The Color of the Magazine Industry

By Posnock, Susan Thea | Folio: the Magazine for Magazine Management, May 1, 2004 | Go to article overview

The Color of the Magazine Industry


Posnock, Susan Thea, Folio: the Magazine for Magazine Management


Byline: Susan Thea Posnock

When Ron Stodghill was recruited by Vanguarde Media in early 2003 to be editor-in-chief of Savoy it was a dicey decision: Vanguarde, a small company owned by venture investors, was losing money. Stodghill was a senior writer for Time, the flagship of the most powerful magazine company in the world; he was well regarded, nicely paid and secure. But he accepted Vanguarde's offer - and not just because it gave him the e.i.c. title (something he could not aspire to at Time).

At Vanguarde, for the first time in his roughly 20 years in journalism, Stodghill would no longer be one of a handful of minority employees, but part of an African American company dedicated to African American readers. "I left Time for this job because I thought it was an honor to create the kind of media company that didn't exist for me to join when I was coming out of school in 1986," he says.

The job lasted only 10 months - Vanguarde filed for bankruptcy last November - but Stodghill says he has no regrets. He views Vanguarde as the "antidote" to a magazine industry that retains the lily-white look of the Saturday Evening Post's America, where African Americans are rarely seen and almost never in positions of power. "The people who lost their positions at Vanguarde instinctively knew that they wouldn't get the same positions in mainstream media," he says.

In his job search, Stodghill saw just how backward the magazine business is when it comes to diversity. It was easy to find openings at major dailies where minority readers are important to circ. But magazines slots were scarce. "At newspapers there are plenty of top editors who are black. Newspapers are farther along than magazines," he says. "The more you go up the food chain from wire services to dailies to weeklies to magazines, the whiter it becomes." Stodghill landed back at Time Inc. as a senior editor at Fortune Small Business.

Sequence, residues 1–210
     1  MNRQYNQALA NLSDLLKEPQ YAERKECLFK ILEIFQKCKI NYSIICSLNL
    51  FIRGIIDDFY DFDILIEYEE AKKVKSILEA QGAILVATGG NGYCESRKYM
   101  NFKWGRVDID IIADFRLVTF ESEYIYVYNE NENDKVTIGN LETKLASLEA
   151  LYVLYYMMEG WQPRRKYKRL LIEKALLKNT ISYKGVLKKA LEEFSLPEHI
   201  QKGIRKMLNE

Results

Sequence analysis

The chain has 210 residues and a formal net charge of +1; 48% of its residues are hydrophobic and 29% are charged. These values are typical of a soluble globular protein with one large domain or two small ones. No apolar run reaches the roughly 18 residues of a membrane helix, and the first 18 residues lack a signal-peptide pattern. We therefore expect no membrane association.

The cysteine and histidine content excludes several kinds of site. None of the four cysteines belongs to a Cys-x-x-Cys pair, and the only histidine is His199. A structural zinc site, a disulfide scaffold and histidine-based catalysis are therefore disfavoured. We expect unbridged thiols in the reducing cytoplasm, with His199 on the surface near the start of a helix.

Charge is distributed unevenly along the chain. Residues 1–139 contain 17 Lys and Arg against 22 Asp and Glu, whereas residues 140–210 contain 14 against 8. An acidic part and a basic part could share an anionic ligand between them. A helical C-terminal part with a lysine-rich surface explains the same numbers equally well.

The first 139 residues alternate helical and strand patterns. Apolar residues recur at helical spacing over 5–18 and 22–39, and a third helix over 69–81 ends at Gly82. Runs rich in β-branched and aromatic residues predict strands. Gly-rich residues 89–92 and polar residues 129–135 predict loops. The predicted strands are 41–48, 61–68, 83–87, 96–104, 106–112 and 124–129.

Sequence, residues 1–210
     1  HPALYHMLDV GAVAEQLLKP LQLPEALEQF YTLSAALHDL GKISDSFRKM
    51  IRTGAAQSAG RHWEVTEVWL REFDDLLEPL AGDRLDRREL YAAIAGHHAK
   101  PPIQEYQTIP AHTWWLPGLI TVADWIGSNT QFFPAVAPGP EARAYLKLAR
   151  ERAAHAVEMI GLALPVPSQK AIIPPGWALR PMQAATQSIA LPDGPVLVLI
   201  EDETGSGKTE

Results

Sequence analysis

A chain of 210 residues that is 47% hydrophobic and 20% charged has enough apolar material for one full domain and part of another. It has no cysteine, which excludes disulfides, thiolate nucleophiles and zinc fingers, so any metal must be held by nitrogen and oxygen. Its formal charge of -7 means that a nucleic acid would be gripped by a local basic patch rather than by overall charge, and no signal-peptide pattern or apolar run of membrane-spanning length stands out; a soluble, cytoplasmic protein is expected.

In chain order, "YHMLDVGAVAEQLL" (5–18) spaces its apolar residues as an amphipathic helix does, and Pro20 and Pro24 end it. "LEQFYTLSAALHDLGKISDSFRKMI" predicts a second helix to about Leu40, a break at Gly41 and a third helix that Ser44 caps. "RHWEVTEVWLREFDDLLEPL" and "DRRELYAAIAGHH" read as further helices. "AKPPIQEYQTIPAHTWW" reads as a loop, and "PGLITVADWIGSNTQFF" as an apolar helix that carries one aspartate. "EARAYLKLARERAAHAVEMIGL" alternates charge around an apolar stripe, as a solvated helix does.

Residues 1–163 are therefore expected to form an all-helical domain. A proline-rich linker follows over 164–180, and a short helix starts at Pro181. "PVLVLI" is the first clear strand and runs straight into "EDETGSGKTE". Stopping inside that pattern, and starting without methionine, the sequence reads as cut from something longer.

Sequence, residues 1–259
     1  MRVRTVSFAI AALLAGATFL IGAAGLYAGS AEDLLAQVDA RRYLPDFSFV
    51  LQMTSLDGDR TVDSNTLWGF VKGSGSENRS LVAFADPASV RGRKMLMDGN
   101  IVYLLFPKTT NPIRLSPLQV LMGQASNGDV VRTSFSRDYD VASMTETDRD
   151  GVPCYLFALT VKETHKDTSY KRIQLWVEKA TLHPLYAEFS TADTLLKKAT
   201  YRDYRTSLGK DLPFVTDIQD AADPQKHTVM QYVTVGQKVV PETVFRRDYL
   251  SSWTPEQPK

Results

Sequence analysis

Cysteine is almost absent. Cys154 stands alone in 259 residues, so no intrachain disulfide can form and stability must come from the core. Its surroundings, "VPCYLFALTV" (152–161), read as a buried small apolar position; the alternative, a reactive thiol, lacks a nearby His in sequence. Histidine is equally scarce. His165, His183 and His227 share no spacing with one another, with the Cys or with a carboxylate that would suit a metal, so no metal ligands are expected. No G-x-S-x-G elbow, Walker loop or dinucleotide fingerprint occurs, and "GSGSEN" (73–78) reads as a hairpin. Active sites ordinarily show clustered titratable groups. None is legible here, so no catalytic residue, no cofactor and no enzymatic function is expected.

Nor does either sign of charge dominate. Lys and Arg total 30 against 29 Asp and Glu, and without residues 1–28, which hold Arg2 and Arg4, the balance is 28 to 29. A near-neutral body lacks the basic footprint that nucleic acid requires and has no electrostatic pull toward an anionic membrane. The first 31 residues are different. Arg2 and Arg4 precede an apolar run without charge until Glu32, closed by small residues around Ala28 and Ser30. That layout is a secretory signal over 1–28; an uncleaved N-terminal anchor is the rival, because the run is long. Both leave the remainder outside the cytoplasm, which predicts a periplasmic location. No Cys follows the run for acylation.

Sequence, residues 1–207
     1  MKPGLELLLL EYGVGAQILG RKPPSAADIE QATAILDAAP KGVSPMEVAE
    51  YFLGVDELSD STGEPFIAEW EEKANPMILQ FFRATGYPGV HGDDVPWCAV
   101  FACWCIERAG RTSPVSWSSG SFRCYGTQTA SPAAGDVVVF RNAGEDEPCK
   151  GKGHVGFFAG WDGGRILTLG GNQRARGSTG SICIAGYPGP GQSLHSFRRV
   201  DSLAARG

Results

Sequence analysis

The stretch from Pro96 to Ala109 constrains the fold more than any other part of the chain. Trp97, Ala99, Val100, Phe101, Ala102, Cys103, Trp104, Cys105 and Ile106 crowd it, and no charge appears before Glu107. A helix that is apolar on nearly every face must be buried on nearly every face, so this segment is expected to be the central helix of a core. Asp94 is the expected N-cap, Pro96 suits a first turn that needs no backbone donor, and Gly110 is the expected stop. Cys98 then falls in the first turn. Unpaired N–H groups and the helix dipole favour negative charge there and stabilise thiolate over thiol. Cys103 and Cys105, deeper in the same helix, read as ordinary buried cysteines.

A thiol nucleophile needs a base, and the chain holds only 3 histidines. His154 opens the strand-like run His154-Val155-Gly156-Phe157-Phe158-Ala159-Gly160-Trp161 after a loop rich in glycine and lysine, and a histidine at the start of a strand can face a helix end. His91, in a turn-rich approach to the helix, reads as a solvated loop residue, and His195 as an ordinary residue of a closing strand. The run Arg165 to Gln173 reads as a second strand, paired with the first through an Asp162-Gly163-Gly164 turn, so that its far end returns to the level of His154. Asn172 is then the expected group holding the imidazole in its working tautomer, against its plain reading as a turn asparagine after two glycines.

While there are no concrete numbers to measure the ethnic makeup of magazine staffs, a 2002 report on the periodicals industry by the U.S. Equal Employment Opportunity Commission shows that minorities - Black, Asian or Native American - make up 18.9 percent of the workforce. When it comes to managerial positions, the stats are only 11 percent. Magazines trail other EEOC categories, including television broadcasting, where minorities are 23.6 percent of the workforce, cable TV, 34.4 percent, and newspapers, 22.9 percent. For all industries, minorities make up 30 percent of workers.

For years the issue of diversity has been on the radar of industry leaders. And improving diversity is a stated goal of MPA chairman Tom Ryder, who declined to be interviewed for this story. But little progress has been made.

Diversity is not just about equity. It's good for business: In a much more racially mixed marketplace, magazines that don't have diverse staffs may not accurately feel the pulse of the popular culture. Advertisers have noticed: "If you look at the ad sales staff and the newsrooms, there's very little diversity and because of that, there's a disconnect with advertisers," says Luke Visconti, partner and co-founder of DiversityInc., a multimedia company that publishes DiversityInc magazine.

"Magazine publishers and editors will see that this does affect the bottom line. It's not just noblesse oblige and white man's burden," says Charles Whitaker, assistant professor and director of the Academy for Alternative Journalism at Northwestern University's Medill School of Journalism. "There are sound business reasons for having a diverse workforce, and it actually can bring in more readers and advertisers."

As the advertisers are telling publishers with increasing urgency, minority consumers are an audience they need to reach. The number of African Americans grew 21 percent from 1990 to 2000, and their buying power increased from $318 billion a year in 1990 to $688 billion in 2002, according to the University of Georgia's Selig Center for Economic Growth. …

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